I can vividly remember the moment I fell in love with fly fishing. My Dad and I were standing side by side in a small creek in California, the beautiful blue water slowly moving in front of us. I was so young my head was only able to reach his hips. He was tying a new fly onto his line, and I was standing there, anxious to catch a fish. I was tired of waiting so I said, “Dad, let me fish. I can do it.” He looked at me, and I’m sure his mind was racing. Do I let her go? Let her just cast? She's seven years old. She’s capable right? I’m sure the conclusion was, what’s the worst that can happen, because I heard, “Ok. But keep the rod tip high when you’re casting like I taught you.”
It was a new feeling. A feeling where I was alone in the world with this fly rod. Dad was nearby, but wasn’t guiding my hands and arms to cast the rod. He wasn't giving me step-by-step instructions, and he wasn’t telling me which seam to cast into. I simply used everything he had taught me over the past three years and let my muscle memory take over. I casted into the water in front of us and patiently waited. I was always a rambunctious kid, but fishing taught me composure and serenity. While on the water, I always felt calm. After only two or three casts, I pulled out a nice little rainbow trout. The expression on Dad’s face is a look I have never forgotten. He held a look of pride, but also one of sadness. I had reached a milestone he was sad to see me obtain. I had done it without his help. In his mind, I didn't need him anymore. I was my own angler.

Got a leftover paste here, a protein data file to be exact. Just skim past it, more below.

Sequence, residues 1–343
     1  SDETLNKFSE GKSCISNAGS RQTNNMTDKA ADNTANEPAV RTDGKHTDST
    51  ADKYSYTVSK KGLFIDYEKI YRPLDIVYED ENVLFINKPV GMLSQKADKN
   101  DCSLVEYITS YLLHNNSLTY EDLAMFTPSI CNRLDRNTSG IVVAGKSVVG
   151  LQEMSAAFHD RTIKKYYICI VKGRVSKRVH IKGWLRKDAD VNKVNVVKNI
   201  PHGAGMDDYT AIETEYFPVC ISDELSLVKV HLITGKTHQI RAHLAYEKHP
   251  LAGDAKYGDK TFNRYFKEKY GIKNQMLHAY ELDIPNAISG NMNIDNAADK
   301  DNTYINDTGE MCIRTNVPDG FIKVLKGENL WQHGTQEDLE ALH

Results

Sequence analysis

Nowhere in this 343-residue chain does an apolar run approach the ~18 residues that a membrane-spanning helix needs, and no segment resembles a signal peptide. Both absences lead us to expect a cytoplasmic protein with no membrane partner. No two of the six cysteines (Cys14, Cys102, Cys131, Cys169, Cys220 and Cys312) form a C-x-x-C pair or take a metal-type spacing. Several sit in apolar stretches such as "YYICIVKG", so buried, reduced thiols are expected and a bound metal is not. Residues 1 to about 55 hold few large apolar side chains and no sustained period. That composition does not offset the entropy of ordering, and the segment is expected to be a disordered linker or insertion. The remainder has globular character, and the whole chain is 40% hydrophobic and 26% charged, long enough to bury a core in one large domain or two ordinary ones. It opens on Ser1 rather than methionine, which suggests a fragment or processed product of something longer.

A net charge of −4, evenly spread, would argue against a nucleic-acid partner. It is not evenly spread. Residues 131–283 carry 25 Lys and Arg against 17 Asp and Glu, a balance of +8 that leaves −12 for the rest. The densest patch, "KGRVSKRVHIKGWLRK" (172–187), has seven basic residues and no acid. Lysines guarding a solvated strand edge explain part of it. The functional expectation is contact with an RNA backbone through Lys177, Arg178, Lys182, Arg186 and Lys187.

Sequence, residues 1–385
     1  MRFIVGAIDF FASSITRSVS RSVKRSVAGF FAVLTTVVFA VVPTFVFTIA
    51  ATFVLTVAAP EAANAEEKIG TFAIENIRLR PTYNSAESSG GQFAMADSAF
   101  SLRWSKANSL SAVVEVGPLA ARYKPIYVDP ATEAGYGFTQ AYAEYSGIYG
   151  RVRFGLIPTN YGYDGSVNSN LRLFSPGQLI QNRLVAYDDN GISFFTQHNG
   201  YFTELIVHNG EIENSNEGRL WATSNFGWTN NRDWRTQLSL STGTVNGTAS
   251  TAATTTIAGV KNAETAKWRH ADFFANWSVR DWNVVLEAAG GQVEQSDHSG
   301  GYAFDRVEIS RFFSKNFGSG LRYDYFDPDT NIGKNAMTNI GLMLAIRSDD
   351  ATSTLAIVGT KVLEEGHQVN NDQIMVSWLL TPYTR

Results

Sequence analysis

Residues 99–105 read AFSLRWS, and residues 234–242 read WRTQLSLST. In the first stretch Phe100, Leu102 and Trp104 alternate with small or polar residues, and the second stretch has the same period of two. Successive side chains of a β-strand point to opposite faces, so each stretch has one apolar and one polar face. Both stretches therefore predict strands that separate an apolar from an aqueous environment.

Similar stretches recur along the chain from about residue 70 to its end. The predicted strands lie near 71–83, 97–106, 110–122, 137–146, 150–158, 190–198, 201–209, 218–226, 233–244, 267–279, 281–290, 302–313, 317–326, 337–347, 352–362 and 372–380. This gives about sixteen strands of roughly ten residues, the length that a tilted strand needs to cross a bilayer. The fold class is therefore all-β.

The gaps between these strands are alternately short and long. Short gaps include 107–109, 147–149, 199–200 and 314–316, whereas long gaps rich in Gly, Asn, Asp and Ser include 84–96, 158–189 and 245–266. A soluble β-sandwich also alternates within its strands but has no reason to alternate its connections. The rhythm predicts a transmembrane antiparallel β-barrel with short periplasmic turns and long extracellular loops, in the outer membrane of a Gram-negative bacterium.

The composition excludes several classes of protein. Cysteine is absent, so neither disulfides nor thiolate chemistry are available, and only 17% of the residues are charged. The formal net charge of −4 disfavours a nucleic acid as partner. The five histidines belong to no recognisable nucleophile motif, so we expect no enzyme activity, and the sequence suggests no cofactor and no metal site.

Photo by Brian Dunn
This was a pivotal moment for me because of the independence I felt. I had caught this fish all on my own. Ok, sure. My Dad had picked the spot, the rod, the tippet, and the fly. But in my seven year-old mind, it was all me. I had done what my Dad did: catch fish. He was my idol and I was becoming more like him.
Photo by Lauren Dunn